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Waynesville takes steps to address gender balance, pay

As the largest North Carolina town west of Asheville, Waynesville often sets the bar for how other municipal governments handle issues of governance. Although it’s among the worst in terms of gender balance in the workplace, Waynesville’s leaders are now attempting to set an example of how to deal with it. 

“What I noticed is that we do have some women in decision-making positions that are grossly underpaid for what they’re doing,” said Alderman Anthony Sutton.

Sutton spoke up at a recent budget meeting over issues of pay disparity, including that of Assistant Town Manager Amie Owens, who makes only about $71,000 despite accumulating oversight of several other departments, including information technology. 

Sutton’s comments led to the town funding a $17,000 study to examine who gets paid what. 

“What we’re doing is not just a pay study, it’s a job study,” he said. “You may have a man and a woman with the same job title, but they’re not doing the same things.”

Men are also significantly overrepresented on the town’s staff roster; out of 173 full-time salaried employees, only 31 are women. Of the 30 highest salaries paid by the town, only four go to women.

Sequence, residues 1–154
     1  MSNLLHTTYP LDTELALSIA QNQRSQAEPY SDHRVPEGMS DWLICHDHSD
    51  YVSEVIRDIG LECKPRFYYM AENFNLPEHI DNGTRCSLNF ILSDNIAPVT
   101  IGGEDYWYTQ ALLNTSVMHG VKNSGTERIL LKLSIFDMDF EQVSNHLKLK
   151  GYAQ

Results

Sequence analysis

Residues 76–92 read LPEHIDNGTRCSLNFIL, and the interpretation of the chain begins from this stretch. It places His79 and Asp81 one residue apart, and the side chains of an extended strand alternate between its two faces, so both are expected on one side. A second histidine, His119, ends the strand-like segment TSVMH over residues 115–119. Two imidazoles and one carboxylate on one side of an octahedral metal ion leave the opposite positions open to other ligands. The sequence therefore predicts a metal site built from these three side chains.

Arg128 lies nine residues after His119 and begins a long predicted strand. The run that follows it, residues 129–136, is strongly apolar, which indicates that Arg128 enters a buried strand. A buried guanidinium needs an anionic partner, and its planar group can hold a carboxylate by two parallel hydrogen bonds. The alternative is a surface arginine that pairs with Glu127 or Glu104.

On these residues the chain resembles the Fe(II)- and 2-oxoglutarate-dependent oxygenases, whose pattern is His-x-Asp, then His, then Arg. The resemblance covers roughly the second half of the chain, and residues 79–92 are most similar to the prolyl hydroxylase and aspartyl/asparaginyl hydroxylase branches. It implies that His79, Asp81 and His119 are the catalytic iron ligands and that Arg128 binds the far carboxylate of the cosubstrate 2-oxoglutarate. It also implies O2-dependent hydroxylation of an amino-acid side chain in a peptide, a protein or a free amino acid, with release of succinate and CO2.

“We’re making strides to hire more women, and I think part of the study will show us what we need to do to achieve that,” said Sutton. “We need a baseline of where we are, and we know where we should be. We just need to make an action plan to get there.”

The recent departure of Finance Director Ben Turnmire, for example, is a great place to start, according to Sutton.

“We currently have several good candidates, including women,” Sutton said. 

One issue that will be difficult to overcome — and indeed stands in the way of a more equal balance between the number of male and female employees — is law enforcement. 

Like many local governments, law enforcement personnel make up a substantial portion of the workforce, and the overwhelming majority of officers are men. 

At the Haywood County Sheriff’s Office there are 102 full-time salaried officers, but only 18 are women. 

“I would love to have more women working in the sheriff’s office as a deputy sheriff or detention officer,” said Haywood County Sheriff Greg Christopher. “Women are just as smart as males — if not smarter — so it’s definitely not that. We recruit females and minorities as much as we can. I’m not sure how we make law enforcement a more attractive profession for females. I wish I had an answer for that.”

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